Surrealist Objects, Fashion, Design

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Surrealist Objects and the Objectification of the Female Body

Interest in the Surrealist object grew in the 1930s. As Whitney Chadwick argues, “Capturing the images of the dream in reality, crystallizing the objects of desire and affirming the magic link between the unconscious and the real world, the Surrealist object became the perfect meeting point of Surrealist theory and practice” (118).

exhibition catalog cover with false breast
Marcel Duchamp & Enrico Donati, Please Touch 1947

Chadwick notes that “Surrealist objects by male artists often have an explicitly erotic content (Bellmer’s Dolls, Duchamp’s Please Touch), disturb by means of violent juxtapositions (Man Ray’s Gift, Dominguez’s Conversion of Energy), or combine both functions (Dominguez’s Arrival of the Belle Epoque)” (118).

metal iron with spikes on bottom
Man Ray, Cadeau 1921, editioned replica 1972

Male Surrealists objectified and fetishized different parts of the female body, but women also made Surrealist objects in the 1930s, which often commented on sexual objectification or explored facets of the object resonant with gendered experience. Objects by women were included in several important Surrealist exhibitions, including the 1933 “Exposition Internationale Du Surréalisme” at the Pierre Colle Gallery; at the 1936 “Exposition Surréaliste D’Objets” at the Charles Ratton Gallery; at the 1938 “Exposition Internationale du Surréalisme”; at the 1936 International Surrealist Exhibition in London; and at the 1937 Fantastic Art, Dada and Surrealism exhibition at MoMA.

In fact, a work by a female artist — Meret Oppenheim’s fur-lined teacup — became virtually synonymous with the 1937 Fantastic Art, Dada, and Surrealism exhibition; the MoMA was dubbed by Harper’s Magazine the “fur-lined museum.”1

fur lined teacup and saucer
Meret Oppenheim, Object 1936

Surreal Scene (1930) comments on several incarnations of the Surrealist object, illuminating Loy’s thoughts about this form.  In the upper right-hand corner of the painting, Loy depicts an armchair in the shape of a headless white woman’s body.

living room scene
Detail, Surreal Scene (1930). Collection of Roger Conover.

The chair conflates women with domestic comfort and/or sexual availability, as the woman-chair is literally a mindless thing positioned to physically receive others. Similarly, the headless harp has arms that are plucking strings, providing music for others in the room. In her set design for her play “The Pamperers,” Loy described “Picked people melted by a distinguished method among the upholstery” and commented, “the social fabric is a curtain” (see “The Pamperers”).  Suggesting that arrangements of people and furniture reflect how class privilege and gender shape the social fabric, Loy’s woman-chair reveals woman’s material presence-intellectual absence in the “surreal scene.” This woman-chair may allude to and comment on the couch-body hybrid in Cocteau’s film Blood of a Poet (1930) which Dali would later respond to with his “Mae West Lips Sofa” (1936).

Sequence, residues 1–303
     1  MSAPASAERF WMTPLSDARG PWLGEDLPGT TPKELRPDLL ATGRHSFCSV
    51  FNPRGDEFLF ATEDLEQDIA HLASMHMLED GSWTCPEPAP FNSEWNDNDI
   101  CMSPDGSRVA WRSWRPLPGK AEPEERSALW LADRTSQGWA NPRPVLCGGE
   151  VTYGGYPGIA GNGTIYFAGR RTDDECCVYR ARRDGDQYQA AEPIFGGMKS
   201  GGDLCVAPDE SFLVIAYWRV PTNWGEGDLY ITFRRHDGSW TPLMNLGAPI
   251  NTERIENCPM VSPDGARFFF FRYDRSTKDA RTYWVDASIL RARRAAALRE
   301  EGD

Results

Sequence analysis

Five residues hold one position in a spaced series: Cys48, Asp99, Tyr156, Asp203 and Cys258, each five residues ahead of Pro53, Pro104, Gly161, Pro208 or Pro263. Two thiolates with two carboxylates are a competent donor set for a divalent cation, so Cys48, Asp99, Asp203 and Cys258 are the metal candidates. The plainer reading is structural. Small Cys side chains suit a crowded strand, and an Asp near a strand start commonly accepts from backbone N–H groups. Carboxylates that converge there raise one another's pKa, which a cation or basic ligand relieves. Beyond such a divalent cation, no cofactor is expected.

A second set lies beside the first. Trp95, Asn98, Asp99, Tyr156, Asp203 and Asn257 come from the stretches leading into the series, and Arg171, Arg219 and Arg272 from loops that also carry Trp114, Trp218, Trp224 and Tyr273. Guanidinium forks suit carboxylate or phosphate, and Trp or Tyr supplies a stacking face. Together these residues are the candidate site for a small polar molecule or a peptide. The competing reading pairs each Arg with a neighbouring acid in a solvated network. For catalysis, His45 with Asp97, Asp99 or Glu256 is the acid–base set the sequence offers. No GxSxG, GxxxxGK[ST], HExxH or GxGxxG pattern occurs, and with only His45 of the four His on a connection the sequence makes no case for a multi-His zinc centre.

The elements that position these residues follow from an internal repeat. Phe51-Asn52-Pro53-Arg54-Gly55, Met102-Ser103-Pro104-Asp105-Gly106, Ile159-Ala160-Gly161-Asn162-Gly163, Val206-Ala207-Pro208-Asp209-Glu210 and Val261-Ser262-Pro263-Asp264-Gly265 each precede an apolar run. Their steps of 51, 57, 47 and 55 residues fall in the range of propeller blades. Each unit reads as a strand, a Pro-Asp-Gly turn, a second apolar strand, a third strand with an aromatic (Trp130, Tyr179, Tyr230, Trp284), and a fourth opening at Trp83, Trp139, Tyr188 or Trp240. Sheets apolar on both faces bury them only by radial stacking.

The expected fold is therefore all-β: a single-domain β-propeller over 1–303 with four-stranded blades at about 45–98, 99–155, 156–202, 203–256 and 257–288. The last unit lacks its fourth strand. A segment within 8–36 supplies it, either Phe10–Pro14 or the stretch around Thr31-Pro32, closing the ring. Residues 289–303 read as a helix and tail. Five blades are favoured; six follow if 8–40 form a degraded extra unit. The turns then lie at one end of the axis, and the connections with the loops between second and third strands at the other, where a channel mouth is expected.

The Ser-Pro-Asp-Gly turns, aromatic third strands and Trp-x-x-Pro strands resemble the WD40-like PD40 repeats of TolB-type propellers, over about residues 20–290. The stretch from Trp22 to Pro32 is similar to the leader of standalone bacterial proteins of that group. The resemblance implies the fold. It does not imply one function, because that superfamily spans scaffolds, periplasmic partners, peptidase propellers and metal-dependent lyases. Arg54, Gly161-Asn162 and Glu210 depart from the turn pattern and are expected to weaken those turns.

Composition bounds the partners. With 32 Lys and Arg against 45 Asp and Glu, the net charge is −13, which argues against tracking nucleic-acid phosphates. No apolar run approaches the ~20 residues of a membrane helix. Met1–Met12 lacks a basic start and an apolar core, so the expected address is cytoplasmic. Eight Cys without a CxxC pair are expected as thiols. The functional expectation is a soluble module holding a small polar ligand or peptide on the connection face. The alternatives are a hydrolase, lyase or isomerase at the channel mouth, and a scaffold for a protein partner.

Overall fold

man on couch
Still from Jean Cocteau, Blood of a Poet 1930
couch shaped like lips
Salvador Dali, Mae West Lips Sofa, 1936

Similarly, in the upper left-hand corner of Surreal Scene, divided from the living room scene by layered brick to suggest the movement from domestic to public space, Loy depicts women walking in public as objects of sexual pursuit, but turns the tables by objectifying the men who pursue these women, depicting them as nothing more than disembodied arms.  These disembodied arms form a contrast with the arms of the human harp, which we might infer are female.

disembodied arms
Detail from Surreal Scene (1930). Collection of Roger Conover.

In Freudian thought a fetish involves the “transference of the libido from the whole object of affection to a part, a symbol, an article of clothing” (Schaffner, Portrait 116).  Rather than objectifying the feminine object of masculine desire, in the disembodied arms Loy objectifies the male libido, providing a critique of the Freudian fetish as it usually appeared in the work of male Surrealists (see “Criticism of Freud and Eros Obsolete”).  

New York Dada (1921)

Loy also comments on the fetish object through the shoes worn by the otherwise naked woman or female mannequin in Surreal Scene.  Just such a pair of woman’s shoes appear on a disembodied female leg in New York Dada (1921). A female mannequin’s legs with shoes are made to “dance” in Léger’s “Ballet Mécanique” (1924), and Umbo’s 1928 photo of a female mannequin’s disembodied legs focus on the shoes as fetishistic substitution for the female body (Schaffner, Portrait 120).


painted shoes
Detail, Surreal Scene (1930). Collection of Roger Conover.

In contrast to these disembodied female legs with shoes, Loy’s painting presents the entire woman clothed in nothing more than shoes, as if to emphasize the ridiculousness of reducing a woman to her shoes.

“Lobster Boy”